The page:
- Hellwege EM, Czapla S, Jahnke A, Willmitzer L, Heyer AG (2000) Transgenic potato (Solanum tuberosum) tubers synthesize the full spectrum of inulin molecules naturally occurring in globe artichoke (Cynara scolymus) roots. Proc Natl Acad Sci USA 97(15):8699–8704. https://doi.org/10.1073/pnas.150043797 CrossRefGoogle Scholar
- Kobmann J, Sonnewald U, Willmitzer L (1994) Reduction of the chloroplastic fructose-l,6-bisphosphatase in transgenic potato plants impairs photosynthesis and plant growth. Plant J 6(5):637–650. https://doi.org/10.1046/j.1365-313X.1994.6050637.x CrossRefGoogle Scholar
- Ma X, Zhang L, Shao H, Zhang F, Ni F (2011) Jerusalem artichoke (Helianthus tuberosus), a medicinal salt-resistant plant has high adaptability and multiple-use values. J Med Plants Res 5:1272–1279Google Scholar
- Maeda H, Dudareva N (2012) The shikimate pathway and aromatic amino acid biosynthesis in plants. Annu Rev Plant Biol 63:73–105. https://doi.org/10.1146/annurev-arplant-042811-105439 CrossRefGoogle Scholar
- Marton A, Hopkins J, McLaughlin C, Johnson S, Warner M, LaHart D, Wright J (1993) Human biology and health. Pearson Prentice Hall, New JerseyGoogle Scholar
- Min CW, Lee SH, Cheon YE, Han WY, Ko JM, Kang HW, Kim YC, Agrawal GK, Rakwal R, Gupta R, Kim ST (2017) In-depth proteomic analysis of Glycine max seeds during controlled deterioration treatment reveals a shift in seed metabolism. J Proteom 169:125–135. https://doi.org/10.1016/j.jprot.2017.06.022 CrossRefGoogle Scholar
- Mornkham T, Wangsomnuk PP, Mo XC, Francisco FO, Gao LZ, Kurzweil H (2016) Development and characterization of novel EST-SSR markers and their application for genetic diversity analysis of Jerusalem artichoke (Helianthus tuberosus L.). Genet Mol Res. https://doi.org/10.4238/gmr15048857 Google Scholar
- Pranznik W, cieslik A, Filipiak-Flokiewicz A (2002) Soluble dietary fibres in Jerusalem artichoke powders: composition and application in bread. Nahrung 46(3):151–157. https://doi.org/10.1002/1521-3803(20020501)46:3<151::AID-FOOD151>3.0.CO;2-4 CrossRefGoogle Scholar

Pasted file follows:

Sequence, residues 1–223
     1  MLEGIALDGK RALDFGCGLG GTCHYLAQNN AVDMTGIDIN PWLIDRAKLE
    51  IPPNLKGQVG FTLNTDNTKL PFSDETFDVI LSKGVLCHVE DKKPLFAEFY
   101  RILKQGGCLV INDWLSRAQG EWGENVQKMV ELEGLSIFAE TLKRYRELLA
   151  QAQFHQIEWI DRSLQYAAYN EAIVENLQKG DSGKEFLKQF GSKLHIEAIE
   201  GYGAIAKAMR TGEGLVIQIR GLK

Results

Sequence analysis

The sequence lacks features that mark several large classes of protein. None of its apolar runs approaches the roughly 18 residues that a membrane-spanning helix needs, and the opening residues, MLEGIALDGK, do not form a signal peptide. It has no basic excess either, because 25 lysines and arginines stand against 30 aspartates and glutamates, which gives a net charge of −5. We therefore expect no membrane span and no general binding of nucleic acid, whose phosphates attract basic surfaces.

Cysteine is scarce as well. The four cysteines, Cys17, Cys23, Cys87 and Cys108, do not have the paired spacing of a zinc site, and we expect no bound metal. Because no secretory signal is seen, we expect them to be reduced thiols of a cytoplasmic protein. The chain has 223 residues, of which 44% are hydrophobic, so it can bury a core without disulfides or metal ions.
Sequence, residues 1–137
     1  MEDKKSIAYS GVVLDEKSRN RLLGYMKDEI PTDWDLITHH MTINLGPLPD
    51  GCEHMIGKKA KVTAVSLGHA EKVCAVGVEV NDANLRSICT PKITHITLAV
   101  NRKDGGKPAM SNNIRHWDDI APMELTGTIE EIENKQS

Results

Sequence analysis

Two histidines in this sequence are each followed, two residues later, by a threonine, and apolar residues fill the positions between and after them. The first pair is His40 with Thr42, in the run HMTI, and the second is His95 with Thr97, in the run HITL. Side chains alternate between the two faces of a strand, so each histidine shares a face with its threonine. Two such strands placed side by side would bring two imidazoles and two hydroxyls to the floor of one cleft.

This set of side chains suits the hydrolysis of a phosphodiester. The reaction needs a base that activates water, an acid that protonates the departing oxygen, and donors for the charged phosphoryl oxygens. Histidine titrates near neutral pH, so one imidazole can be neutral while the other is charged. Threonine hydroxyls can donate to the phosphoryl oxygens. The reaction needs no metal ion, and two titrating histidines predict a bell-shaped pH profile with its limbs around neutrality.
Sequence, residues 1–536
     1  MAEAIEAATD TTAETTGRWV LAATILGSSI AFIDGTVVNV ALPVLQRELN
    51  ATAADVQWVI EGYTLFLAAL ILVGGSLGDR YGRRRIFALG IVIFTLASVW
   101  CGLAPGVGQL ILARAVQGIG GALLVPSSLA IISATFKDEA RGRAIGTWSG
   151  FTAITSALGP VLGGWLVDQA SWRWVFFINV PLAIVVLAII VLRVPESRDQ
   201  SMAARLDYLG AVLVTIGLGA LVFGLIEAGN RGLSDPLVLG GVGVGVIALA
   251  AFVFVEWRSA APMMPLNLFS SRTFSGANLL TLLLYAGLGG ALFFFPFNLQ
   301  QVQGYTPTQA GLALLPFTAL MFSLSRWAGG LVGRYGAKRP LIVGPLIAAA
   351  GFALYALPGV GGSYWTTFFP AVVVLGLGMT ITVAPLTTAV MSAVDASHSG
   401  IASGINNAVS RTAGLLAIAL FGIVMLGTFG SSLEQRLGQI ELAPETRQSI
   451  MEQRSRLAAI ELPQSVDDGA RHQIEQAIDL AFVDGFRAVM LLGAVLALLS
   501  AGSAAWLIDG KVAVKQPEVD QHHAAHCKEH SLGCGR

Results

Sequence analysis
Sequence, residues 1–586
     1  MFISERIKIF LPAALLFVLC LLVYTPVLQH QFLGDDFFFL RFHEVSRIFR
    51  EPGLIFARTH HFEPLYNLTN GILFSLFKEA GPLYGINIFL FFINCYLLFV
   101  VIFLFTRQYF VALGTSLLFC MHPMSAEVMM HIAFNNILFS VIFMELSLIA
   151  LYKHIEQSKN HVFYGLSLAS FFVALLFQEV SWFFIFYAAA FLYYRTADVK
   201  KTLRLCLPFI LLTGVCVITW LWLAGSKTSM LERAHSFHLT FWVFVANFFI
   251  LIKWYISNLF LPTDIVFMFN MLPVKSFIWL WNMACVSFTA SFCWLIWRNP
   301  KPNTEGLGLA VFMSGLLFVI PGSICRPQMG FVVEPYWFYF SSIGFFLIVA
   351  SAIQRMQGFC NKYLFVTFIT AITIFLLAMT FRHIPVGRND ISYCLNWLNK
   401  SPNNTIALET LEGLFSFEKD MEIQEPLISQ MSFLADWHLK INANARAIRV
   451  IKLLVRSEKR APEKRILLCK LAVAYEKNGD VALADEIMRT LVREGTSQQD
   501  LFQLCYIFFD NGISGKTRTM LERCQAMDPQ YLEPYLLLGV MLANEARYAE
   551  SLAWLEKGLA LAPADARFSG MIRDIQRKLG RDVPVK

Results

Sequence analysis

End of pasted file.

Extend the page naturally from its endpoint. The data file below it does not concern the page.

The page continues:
- Rademacher T, Hausler RE, Hirsch HJ, Zhang L, Lipka V, Weier D, Kreuzaler F, Peterhansel C (2002) An engineered phosphoenolpyruvate carboxylase redirects carbon and nitrogen flow in transgenic potato plants. Plant J 32(1):25–39. https://doi.org/10.1046/j.1365-313X.2002.01397.x CrossRefGoogle Scholar
- Schmitz GJ, de Magalhaes Andrade J, Valle TL, Labate CA, do Nascimento JR (2016) Comparative proteome analysis of the tuberous roots of six cassava (Manihot esculenta) varieties reveals proteins related to phenotypic traits. J Agric Food Chem 64(16):3293–3301. https://doi.org/10.1021/acs.jafc.5b05585 CrossRefGoogle Scholar
- Stanley JA, Stephan FN (2007) Biology and chemistry of Jerusalem artichoke: Helianthus tuberosus. L, 1st edn. CRC Press, Boca Raton FloridaGoogle Scholar
- Voll LM, Hajirezaei MR, Czogalla-Peter C, Lein W, Stitt M, Sonnewald U, Bornke F (2009) Antisense inhibition of enolase strongly limits the metabolism of aromatic amino acids, but has only minor effects on respiration in leaves of transgenic tobacco plants. New Phytol 184(3):607–618. https://doi.org/10.1111/j.1469-8137.2009.02998.x CrossRefGoogle Scholar
- Zhang A, Han D, Wang Y, Mu H, Zhang T, Yan X, Pang Q (2018) Transcriptomic and proteomic feature of salt stress-regulated network in Jerusalem artichoke (Helianthus tuberosus L.) root based on de novo assembly sequencing analysis. Planta 247(3):715–732. https://doi.org/10.1007/s00425-017-2818-1 CrossRefGoogle Scholar